And this was the first time I saw all of that on full display in the work and spirit and core identity of someone else. A collective someone else, in a way. All of that crystalized in a moment that I’d not say outstrips any other for emotional impact in my life – I’ve had some doozies – but definitely shares the top spot. And I have created things from places inside of me that I did not know existed, which I have looked upon later, and beheld them thinking, who the hell wrote that, we can’t compete with that, before pausing to note, hey, wait, that’s us, dude, we did that, it’s good, do another. I live life deeply, you might say, but I wonder how true that would be were it not for that moment, my crucial moment, from A Hard Day’s Night.
The band is cooped up in a theater, going through the rigmarole of being micro-managed, rehearsing, hounded, all of that. Everything is shot from low angles, like the world is closing in. The hallways are so narrow it’s as if they’ve been loaned from the set of a German Expressionist film.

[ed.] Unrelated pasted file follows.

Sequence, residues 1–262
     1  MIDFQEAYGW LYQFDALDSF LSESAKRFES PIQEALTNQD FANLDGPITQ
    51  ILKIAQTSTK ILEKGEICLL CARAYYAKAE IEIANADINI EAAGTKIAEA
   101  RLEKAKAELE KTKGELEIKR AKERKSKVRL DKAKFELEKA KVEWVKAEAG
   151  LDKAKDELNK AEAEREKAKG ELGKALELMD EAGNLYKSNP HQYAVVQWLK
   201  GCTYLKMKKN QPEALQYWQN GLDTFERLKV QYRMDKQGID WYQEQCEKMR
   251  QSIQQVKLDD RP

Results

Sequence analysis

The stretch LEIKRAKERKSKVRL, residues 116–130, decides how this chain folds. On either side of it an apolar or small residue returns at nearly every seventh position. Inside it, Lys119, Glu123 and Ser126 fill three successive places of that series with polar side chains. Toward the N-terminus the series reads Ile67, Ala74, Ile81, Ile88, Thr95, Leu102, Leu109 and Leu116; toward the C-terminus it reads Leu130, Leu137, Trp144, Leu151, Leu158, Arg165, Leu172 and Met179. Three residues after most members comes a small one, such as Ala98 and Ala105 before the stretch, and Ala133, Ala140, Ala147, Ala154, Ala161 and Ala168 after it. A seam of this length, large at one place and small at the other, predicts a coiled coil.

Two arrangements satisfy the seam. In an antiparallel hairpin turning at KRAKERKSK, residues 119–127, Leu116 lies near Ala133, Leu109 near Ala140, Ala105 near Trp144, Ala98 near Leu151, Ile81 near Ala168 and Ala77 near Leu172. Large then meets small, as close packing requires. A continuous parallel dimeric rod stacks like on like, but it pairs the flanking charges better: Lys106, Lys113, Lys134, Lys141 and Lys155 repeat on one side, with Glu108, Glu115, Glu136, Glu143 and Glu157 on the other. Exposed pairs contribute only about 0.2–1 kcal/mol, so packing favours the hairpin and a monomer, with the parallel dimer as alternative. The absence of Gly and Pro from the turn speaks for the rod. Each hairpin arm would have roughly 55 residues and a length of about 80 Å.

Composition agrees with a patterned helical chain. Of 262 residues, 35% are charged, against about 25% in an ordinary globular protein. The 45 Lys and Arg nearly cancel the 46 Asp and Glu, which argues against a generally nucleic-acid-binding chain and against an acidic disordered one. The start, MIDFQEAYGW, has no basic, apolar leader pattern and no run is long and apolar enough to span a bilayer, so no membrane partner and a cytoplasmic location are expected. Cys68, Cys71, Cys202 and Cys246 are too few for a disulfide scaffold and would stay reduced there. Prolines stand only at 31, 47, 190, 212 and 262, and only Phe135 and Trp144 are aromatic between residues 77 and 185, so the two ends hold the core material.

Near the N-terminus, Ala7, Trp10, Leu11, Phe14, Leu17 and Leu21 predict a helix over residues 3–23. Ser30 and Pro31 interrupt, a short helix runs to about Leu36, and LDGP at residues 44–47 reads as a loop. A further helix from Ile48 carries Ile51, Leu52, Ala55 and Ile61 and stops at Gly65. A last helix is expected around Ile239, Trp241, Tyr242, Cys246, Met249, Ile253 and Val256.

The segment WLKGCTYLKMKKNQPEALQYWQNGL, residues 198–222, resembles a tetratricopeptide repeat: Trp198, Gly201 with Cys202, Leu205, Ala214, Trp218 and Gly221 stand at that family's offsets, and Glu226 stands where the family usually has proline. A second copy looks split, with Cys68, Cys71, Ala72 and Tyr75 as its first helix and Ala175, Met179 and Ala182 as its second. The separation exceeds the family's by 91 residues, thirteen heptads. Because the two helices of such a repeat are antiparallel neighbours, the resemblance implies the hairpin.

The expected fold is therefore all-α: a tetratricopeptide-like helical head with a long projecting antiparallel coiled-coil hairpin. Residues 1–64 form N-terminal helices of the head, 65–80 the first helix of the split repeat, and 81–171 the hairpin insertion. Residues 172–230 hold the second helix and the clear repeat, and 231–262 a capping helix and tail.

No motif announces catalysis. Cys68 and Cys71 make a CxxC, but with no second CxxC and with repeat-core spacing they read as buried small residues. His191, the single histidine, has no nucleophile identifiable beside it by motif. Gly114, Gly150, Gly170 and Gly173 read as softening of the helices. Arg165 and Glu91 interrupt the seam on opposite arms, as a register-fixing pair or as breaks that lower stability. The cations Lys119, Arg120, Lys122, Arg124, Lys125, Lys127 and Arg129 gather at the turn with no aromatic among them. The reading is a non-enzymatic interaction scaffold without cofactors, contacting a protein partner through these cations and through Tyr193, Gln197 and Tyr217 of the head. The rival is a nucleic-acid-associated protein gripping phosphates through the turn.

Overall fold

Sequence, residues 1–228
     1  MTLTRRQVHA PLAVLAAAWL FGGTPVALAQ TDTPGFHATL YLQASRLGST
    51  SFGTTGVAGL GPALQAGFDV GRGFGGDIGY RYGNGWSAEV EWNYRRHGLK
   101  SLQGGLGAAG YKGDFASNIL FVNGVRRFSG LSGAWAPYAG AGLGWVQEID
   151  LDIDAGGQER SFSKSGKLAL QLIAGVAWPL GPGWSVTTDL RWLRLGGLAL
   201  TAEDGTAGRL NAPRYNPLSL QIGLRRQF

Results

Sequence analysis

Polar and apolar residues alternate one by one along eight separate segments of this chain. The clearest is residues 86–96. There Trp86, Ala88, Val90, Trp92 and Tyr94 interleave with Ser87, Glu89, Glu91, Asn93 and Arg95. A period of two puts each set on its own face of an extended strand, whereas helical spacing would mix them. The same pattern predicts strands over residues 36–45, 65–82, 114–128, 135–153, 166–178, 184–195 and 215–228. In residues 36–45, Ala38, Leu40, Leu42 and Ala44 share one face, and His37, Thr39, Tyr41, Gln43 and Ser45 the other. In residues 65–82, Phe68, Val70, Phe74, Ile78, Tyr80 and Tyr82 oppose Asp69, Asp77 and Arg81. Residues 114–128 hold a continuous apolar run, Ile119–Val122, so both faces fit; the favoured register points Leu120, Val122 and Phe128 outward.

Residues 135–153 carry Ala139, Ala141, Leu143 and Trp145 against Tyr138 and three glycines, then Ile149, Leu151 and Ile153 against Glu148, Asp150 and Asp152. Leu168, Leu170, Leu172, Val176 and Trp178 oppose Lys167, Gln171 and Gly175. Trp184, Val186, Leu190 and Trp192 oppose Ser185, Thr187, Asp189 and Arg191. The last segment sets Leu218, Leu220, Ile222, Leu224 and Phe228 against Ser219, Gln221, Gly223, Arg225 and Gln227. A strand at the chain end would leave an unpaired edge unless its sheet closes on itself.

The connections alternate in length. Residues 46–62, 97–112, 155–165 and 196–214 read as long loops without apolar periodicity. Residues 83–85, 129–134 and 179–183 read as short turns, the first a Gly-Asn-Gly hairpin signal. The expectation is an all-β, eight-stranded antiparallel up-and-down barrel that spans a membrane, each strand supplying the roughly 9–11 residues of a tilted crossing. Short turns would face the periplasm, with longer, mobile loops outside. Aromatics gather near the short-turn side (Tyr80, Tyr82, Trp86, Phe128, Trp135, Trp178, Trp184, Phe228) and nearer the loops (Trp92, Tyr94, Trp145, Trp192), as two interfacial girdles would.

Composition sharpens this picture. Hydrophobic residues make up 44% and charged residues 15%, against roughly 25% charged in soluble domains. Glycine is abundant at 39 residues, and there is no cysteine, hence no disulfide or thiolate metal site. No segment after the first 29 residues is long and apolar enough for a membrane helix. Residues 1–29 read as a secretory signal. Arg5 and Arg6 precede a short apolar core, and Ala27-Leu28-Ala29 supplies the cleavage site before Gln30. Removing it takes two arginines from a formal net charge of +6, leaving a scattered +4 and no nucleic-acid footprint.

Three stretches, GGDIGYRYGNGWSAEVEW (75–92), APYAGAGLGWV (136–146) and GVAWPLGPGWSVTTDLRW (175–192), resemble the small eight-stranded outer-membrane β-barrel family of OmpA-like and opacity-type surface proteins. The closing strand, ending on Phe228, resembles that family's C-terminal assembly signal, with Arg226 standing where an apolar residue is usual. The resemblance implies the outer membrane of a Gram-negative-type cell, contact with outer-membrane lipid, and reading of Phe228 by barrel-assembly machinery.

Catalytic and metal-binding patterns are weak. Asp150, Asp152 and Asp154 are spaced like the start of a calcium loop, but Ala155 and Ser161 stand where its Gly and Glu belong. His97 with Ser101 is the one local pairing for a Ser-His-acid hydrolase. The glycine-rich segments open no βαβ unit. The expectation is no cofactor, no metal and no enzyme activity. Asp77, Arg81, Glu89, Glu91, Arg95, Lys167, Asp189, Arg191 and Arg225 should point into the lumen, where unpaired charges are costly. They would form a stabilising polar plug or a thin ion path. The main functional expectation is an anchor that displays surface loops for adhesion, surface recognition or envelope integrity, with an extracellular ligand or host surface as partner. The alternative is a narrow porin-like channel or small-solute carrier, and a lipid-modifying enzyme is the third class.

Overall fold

But then they come to a door and throw it open. Ringo shouts, “We’re out!” The Beatles run down the fire escape stairs with the camera shooting up from down below through the grating, as “Can’t Buy Me Love” explodes on the soundtrack.
Van Gogh used to walk around saying “That is it,” when he saw something ineffable, self-contained in its purity, majesty and legitimacy, and this was the ultimate “This is it” moment for me. Total freedom.
The Beatles then lark about in a field, as all of these under-cranked camera techniques are being used. I didn’t know about any of that then, but I knew this was a directive that said, in effect, you can go as far as you can go, there is no can’t, there’s just how far can you go? And how far can you go, boyo?